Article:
Double Elite Qualifying Miles (DEQM) promotions is the airlines’ way of giving you a fast path to get to Elite status. Every year several airlines run these DEQM promotions. These promotions allow you to earn double status miles for flights taken during the promotion period. Watch out for these. They allow you to get to Elite Status levels without really having to fly all those miles (B*tt-in-seat or BIS miles, as they are called). In my opinion, these DEQM promotions are your fastest pathway to Elite status.
You have to register for the promotion with the airline in order to get the double status miles and they always have restrictions on booking and travel dates. They may also have fare bucket restrictions such that ultra cheap fares do not qualify. For people who qualify based on segments flown instead of miles earned, sometimes these promotions also include a Double EQS promotion.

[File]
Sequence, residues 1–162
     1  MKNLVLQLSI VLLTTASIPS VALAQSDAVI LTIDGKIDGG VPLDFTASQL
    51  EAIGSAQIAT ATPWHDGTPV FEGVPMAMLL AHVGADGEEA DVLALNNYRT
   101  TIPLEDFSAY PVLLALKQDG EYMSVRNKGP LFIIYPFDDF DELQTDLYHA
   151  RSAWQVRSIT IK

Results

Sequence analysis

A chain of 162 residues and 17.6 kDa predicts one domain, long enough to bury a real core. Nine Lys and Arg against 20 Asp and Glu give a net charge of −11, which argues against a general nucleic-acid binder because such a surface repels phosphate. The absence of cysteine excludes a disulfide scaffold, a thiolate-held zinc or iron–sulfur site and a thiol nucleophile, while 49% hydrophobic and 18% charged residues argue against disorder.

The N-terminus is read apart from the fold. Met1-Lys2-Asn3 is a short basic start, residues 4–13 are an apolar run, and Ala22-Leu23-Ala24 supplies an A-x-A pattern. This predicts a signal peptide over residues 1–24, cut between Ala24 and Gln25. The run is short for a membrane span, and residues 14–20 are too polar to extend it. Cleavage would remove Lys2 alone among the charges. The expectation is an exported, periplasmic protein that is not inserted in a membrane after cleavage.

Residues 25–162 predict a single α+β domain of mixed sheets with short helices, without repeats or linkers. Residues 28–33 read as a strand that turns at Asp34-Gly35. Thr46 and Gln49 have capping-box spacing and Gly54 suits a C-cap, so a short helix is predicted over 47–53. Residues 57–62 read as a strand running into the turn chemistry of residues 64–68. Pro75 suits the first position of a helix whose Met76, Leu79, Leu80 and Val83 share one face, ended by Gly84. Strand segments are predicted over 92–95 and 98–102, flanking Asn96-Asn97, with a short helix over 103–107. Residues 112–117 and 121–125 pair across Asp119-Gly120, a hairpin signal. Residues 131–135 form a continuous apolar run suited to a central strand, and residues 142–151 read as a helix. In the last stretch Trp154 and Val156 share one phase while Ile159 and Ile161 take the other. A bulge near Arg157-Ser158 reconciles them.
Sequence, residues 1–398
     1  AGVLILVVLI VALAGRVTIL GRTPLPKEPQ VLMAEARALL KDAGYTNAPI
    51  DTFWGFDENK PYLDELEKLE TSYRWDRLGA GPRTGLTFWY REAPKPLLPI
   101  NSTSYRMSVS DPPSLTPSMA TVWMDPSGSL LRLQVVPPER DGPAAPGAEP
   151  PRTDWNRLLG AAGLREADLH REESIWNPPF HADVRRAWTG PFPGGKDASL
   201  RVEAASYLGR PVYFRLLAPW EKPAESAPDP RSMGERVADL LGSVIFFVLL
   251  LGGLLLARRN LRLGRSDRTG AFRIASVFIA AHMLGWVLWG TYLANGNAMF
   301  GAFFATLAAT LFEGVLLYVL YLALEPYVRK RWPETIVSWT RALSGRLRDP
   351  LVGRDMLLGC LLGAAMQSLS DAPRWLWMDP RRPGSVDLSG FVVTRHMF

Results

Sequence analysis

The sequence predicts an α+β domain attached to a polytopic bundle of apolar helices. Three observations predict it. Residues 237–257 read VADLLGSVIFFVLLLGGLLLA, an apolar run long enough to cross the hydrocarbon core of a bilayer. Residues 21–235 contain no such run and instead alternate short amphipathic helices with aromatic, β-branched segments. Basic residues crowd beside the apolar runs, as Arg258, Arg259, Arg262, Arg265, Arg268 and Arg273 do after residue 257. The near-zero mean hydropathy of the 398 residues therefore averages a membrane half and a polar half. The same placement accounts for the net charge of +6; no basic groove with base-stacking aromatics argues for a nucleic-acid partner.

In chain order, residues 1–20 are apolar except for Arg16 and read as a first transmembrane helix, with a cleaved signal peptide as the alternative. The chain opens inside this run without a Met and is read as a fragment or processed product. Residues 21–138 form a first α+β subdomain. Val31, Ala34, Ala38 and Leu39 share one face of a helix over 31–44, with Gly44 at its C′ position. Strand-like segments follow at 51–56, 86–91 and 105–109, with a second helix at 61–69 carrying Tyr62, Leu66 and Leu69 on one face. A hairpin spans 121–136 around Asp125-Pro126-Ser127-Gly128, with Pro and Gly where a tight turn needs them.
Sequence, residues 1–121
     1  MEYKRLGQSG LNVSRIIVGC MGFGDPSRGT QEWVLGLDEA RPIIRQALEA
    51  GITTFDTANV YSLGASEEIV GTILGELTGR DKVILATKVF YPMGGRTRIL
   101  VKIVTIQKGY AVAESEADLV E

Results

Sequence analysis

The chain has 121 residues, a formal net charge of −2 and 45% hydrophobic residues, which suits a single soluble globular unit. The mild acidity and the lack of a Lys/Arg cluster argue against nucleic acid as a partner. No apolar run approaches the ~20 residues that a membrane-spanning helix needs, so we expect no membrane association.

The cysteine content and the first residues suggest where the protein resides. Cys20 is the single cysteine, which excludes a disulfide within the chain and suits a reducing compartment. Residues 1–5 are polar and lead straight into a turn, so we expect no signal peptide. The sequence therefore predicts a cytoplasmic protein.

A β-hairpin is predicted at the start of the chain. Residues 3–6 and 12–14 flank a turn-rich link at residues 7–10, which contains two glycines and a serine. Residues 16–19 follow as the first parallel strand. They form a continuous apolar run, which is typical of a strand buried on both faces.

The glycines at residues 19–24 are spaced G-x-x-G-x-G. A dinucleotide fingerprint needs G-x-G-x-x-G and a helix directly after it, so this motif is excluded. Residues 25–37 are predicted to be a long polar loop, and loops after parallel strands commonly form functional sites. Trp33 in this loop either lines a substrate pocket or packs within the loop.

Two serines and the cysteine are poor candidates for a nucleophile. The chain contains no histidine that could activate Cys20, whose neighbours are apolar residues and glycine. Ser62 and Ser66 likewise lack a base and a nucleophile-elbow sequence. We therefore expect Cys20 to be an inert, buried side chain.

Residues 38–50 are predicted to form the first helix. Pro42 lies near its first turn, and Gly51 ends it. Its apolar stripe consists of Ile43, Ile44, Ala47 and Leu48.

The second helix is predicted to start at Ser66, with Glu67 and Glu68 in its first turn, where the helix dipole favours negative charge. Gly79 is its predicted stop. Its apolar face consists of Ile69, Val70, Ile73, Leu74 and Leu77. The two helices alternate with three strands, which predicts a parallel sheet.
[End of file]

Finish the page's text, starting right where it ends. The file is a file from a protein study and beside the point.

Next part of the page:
Online credit card ticket purchases:
Several airline give status miles for dollars spent on the airlines own website to purchase airline tickets, using their branded credit card. If the price is the same as what you are getting elsewhere and of course, if you have the credit card, this is a great way to get some extra status miles. I have seen that airlines tend to limit the maximum status miles you can earn this way to 5,000 miles per year. They also tend to limit the status miles earned only to flights operated by them and not include code shares.
Minimum Miles per segment: